Flaminica was the name given to the wife of the dialis. He was required to wed a virgin according to the ceremonies of confarreatio, which regulation also applied to the two other flamines maiores; and he could not marry a second time. A flamen was a name given to a Priest assigned to a state-supported god or goddess in Roman religion. Hence, since her assistance was essential in the performance of certain ordinances, a divorce was not permitted, and if she died the dialis was obliged to resign. The restrictions imposed upon the flaminica were similar to those by which her husband was fettered.  Her dress consisted of a dyed robe (venenato operitur); her hair was plaited up with a purple band in a conical form (tutulus); and she wore a small square cloak with a border (rica), to which was attached a slip cut from a felix arbor It is difficult to determine what the rica really was; whether a short cloak, as appears most probable, or a napkin thrown over the head. She was prohibited from mounting a staircase consisting of more than three steps (the text of Aulus Gellius is uncertain, but the object must have been to prevent her ankles from being seen); and when she went to the argei she neither combed nor arranged her hair. Aulus Gellius (ca 125 AD—after 180 AD Latin author and grammarian possibly of African origin probably born and certainly brought up at Rome. On each of the nundinae a ram was sacrificed to Jupiter in the regia by the flaminica. The Roman calendar changed its form several times in the time between the foundation of Rome and the fall of the Roman Empire.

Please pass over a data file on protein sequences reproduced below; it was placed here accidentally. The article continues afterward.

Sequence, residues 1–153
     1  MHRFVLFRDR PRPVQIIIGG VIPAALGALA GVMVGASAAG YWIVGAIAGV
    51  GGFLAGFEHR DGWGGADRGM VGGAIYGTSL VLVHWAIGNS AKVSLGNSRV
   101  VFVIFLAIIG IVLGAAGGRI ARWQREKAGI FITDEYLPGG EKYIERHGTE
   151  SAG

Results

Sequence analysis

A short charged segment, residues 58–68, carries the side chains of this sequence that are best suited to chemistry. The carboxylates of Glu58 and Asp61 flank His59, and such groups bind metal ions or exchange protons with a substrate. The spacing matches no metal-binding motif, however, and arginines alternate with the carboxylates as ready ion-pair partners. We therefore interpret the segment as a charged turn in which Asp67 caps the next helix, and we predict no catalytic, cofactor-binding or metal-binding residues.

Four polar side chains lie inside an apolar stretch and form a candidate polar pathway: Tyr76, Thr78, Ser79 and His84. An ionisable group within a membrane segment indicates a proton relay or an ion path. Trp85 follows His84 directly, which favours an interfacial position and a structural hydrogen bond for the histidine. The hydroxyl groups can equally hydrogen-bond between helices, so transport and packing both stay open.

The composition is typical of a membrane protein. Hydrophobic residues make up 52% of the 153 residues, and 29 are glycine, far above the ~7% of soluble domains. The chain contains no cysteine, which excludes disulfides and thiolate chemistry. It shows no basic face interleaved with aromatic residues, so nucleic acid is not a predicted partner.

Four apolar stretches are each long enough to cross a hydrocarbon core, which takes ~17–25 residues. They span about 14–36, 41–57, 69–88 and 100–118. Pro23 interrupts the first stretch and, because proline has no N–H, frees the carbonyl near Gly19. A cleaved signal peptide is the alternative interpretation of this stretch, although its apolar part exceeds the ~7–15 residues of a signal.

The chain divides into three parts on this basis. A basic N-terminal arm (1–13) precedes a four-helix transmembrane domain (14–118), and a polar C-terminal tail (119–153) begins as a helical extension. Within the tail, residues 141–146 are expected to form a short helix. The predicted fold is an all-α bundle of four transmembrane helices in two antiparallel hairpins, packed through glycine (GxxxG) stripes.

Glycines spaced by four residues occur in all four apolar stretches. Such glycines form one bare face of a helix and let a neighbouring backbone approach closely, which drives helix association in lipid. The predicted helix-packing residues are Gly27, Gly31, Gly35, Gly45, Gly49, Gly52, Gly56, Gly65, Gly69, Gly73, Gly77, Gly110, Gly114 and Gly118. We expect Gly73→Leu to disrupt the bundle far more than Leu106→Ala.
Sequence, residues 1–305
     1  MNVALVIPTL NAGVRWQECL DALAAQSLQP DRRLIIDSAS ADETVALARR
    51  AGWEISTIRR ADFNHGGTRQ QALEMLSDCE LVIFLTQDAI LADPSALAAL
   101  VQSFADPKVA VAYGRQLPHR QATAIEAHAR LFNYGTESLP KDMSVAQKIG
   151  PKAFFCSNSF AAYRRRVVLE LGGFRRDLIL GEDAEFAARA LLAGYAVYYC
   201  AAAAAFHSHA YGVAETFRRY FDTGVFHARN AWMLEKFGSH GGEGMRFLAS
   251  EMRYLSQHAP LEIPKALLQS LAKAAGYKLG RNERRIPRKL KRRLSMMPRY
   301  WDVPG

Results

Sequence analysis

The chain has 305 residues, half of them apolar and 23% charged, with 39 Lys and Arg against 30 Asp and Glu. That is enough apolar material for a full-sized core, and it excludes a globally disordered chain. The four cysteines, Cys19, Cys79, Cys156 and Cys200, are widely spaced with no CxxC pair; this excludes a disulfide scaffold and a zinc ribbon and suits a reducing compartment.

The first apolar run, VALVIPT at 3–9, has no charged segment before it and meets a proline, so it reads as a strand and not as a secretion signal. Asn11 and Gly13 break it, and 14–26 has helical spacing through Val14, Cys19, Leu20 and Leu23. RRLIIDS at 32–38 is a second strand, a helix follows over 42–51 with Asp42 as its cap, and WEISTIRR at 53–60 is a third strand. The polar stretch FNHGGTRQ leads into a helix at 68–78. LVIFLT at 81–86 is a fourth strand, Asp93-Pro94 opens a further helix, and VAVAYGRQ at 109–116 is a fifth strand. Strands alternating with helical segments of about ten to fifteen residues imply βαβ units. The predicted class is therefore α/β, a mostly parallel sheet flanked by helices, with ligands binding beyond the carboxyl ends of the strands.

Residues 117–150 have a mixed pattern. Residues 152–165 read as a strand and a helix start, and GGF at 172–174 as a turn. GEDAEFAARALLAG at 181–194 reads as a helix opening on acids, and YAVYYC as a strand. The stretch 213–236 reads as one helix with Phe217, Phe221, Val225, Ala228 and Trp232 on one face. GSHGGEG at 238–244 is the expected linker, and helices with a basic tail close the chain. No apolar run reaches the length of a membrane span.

After the death of the flamen Lucius Cornelius Merula, who was chosen consul suffectus on the expulsion of Lucius Cornelius Cinna, and who, upon the restoration of the Marian faction, shed his own blood in the sanctuary (B. Lucius Cornelius Merula (d 87 BC was a politician and priest of the late Roman Republic. Consul (abbrev cos; Latin plural consules) was the highest elected office of the Roman Republic and an appointive office under the Empire Lucius Cornelius Cinna (d 84 BC was a four-time Consul of the Roman Republic, serving consecutive terms from 87 to 84 BC and a member of the ancient Roman C. 87), calling down curses on his enemies with his dying breath, the priesthood remained vacant until the consecration of Servius Maluginensis (11 BC) by Augustus, then Pontifex Maximus. Julius Caesar had indeed been nominated in his 17th year, but was never installed; and during the whole of the above period the duties of the office were discharged by the Pontifex Maximus. 
This article is based on a portion of the article "Flamen" in Smith's Dictionary of Greek and Roman Antiquities, in the public domain.